*ok, so let me get this straight. i'm a professional visual artist, but you are not interested in my work. instead you have some `star' visual artists, and to promote and advertise their work in a carnivalesque need me? oh, i see, that makes sense. but only if you think that art is entertainment. and then of course, satellite entertainers will enjoy their part (even if small) in the Grand Event. well...good luck...i hope...


let's see what the website has to say:

The Procession
Art carried by the people

It is unique that at Sonsbeek 2008 the inhabitants of a city carried works of art through the streets in a magnificent Procession. An event that states that art needs the support of many in order to acquire a real meaning in society. But the idea of the Procession is also a celebration, a festive way of presenting art as the symbol of human imagination.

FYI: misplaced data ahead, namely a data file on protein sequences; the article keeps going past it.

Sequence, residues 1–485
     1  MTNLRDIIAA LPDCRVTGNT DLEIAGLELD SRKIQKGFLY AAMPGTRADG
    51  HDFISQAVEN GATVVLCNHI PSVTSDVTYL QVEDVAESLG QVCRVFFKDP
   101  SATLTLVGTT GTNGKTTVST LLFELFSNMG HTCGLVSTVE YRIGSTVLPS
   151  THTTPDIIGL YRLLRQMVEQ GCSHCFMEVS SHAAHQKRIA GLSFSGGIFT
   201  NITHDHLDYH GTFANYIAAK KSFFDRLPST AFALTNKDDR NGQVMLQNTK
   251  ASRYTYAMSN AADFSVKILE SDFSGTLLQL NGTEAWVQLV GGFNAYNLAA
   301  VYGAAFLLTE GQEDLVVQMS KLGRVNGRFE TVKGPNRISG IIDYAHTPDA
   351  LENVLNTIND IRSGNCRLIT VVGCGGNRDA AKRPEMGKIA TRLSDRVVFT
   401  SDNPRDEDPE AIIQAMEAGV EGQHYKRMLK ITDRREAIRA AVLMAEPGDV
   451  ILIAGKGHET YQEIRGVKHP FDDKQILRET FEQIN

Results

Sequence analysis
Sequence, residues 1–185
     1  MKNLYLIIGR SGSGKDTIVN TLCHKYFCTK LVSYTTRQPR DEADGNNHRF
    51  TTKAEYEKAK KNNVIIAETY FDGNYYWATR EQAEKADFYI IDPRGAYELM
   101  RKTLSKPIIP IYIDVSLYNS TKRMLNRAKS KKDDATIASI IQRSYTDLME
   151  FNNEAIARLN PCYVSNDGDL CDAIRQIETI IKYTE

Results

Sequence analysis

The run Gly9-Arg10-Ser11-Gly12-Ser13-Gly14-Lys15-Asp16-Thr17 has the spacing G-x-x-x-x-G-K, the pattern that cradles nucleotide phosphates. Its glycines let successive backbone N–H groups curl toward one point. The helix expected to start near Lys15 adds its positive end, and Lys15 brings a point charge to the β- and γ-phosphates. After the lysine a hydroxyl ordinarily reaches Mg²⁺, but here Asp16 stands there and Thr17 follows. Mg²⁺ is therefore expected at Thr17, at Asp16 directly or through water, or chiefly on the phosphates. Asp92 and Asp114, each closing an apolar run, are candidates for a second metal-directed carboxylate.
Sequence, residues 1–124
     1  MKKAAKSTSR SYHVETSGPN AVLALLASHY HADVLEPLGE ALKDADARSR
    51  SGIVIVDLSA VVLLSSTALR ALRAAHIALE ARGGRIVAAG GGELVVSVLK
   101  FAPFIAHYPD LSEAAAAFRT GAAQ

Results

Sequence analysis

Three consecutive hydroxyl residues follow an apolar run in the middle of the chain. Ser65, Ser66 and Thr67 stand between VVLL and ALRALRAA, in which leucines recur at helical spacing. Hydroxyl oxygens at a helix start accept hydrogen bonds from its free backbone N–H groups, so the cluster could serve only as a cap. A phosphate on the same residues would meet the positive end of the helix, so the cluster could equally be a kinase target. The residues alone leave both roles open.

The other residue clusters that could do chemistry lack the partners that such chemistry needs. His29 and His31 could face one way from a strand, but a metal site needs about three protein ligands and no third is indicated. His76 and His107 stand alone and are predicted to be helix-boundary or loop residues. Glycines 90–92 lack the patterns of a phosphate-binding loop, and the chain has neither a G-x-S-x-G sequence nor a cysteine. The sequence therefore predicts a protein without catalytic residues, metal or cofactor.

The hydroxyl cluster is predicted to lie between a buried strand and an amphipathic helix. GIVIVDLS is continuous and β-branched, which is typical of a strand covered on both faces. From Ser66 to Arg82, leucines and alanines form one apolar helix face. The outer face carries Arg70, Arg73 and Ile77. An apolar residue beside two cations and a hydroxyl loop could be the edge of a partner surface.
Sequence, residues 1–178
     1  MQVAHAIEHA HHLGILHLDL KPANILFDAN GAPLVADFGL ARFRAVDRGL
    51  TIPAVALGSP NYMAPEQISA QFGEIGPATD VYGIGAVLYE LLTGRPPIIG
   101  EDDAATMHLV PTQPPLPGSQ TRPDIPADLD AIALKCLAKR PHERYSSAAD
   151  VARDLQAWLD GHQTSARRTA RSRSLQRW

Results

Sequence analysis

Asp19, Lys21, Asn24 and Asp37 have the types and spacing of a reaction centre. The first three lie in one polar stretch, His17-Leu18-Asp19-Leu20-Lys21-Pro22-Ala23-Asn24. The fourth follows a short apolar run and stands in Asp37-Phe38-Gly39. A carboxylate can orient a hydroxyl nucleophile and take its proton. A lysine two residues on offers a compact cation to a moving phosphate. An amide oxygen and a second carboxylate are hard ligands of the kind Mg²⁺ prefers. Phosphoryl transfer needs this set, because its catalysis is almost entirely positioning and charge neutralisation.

On Sunday June 8, 2008 this Procession took place amidst the decor of the old innercity of Arnhem.


to me this is a perfect example of advertising winning out over art (at least what i call art). the advertising for art (that's what this procession nonsense is about) is surrounded with the same bla bla that art is surrounded with, and then pronounced art itself. the artistic success is measured in terms of advertising and entertainment terms. serious professional visual artists are even expected to join in for free, for the good cause of art i suppose (or because it will give them exposure...?).

let's all arty party...would you hold my sculpture there, then i can dosido around this painting...and take your brush and swing it wide, paint your partner side by side...